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Antitrust Corporate Governance General Counsel and In House Counsel Litigation Regulation White Collar Crime

Antitrust Corporate Dispositions

This article provides critical background on DOJ policy and practice, and highlights some of the steps corporate counsel can take during leniency or plea negotiations to secure non-prosecution protection for the company's employees as part of any antitrust corporate disposition.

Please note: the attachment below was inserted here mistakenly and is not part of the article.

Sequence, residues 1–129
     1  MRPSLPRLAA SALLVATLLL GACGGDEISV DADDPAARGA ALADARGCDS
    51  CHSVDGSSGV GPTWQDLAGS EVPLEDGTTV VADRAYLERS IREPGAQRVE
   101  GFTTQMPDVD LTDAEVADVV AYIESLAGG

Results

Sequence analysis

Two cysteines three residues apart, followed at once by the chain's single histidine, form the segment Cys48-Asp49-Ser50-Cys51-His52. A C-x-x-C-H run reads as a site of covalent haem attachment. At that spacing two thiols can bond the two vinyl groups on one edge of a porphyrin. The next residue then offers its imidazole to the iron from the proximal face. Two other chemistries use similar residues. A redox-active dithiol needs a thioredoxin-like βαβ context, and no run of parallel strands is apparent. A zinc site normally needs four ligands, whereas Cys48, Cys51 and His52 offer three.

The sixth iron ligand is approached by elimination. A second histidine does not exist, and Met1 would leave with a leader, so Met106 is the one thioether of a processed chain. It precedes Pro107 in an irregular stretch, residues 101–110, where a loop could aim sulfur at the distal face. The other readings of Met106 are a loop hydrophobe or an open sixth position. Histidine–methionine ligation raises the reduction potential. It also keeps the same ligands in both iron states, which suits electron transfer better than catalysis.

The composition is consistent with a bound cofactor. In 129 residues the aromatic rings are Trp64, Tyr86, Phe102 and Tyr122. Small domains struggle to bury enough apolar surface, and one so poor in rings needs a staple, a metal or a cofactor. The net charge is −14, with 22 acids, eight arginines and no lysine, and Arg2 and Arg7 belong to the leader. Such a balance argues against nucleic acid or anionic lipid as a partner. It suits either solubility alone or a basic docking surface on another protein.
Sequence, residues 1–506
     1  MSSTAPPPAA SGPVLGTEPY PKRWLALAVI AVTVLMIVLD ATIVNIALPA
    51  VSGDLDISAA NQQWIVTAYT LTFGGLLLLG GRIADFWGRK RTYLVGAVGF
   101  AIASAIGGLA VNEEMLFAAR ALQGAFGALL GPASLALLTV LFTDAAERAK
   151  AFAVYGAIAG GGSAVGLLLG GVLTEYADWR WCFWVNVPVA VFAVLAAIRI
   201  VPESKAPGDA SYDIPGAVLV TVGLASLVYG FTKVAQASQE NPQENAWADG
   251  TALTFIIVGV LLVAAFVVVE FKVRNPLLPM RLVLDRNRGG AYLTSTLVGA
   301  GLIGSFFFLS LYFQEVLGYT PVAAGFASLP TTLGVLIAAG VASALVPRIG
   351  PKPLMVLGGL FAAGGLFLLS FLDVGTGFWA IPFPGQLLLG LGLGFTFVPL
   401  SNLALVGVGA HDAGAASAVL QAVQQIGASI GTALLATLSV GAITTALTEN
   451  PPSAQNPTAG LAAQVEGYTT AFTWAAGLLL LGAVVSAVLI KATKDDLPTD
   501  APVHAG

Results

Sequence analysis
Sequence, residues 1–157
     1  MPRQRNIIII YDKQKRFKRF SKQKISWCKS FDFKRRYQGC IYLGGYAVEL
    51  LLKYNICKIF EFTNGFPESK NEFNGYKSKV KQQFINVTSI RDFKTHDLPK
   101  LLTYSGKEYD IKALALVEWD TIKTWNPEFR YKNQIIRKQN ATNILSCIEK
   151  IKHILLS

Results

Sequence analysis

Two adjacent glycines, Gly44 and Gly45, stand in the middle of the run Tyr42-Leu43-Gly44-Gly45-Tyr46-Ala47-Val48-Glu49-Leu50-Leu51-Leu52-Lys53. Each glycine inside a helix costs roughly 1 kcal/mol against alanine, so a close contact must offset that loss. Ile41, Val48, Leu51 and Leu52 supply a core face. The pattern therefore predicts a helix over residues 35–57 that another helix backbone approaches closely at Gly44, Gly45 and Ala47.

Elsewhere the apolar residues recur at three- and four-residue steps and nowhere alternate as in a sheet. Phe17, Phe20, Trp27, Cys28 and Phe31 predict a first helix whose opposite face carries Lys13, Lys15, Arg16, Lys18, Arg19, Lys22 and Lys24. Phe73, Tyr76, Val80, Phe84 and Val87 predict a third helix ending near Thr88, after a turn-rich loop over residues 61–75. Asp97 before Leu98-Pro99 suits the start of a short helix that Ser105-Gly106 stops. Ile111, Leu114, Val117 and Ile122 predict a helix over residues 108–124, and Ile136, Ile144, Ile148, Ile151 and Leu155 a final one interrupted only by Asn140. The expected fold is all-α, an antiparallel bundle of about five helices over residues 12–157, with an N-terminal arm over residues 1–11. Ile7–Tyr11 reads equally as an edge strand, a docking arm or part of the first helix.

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Most companies under criminal investigation by the Antitrust Division, U.S. Department of Justice (DOJ), eventually resolve their liability with the government short of going to trial, either by entering into a corporate leniency agreement or, more commonly, by pleading guilty to criminal antitrust charges under a corporate plea agreement. Foremost on the minds of corporate counsel when negotiating these agreements is ensuring that the company pays no criminal fine under leniency or as small a fine as possible under a plea agreement. But it is often equally important for the company to maximize the number of its employees covered by the corporate disposition, thereby eliminating the possibility that those employees will be individually prosecuted. The stakes are enormous for a company trying to obtain non-prosecution or immunity protection for the broadest number of its employees involved in what is commonly referred to as antitrust “cartel” conduct, such as price fixing. Even if a company is able to resolve its own criminal liability, it still cannot put the criminal investigation behind it when some current employees remain under investigation for months or years. Even worse, for those employees taking their chances at trial, the government will inevitably parade cooperating witnesses before the jury and highlight inflammatory company documents, publicly demonstrating the scope of the company’s wrongdoing.

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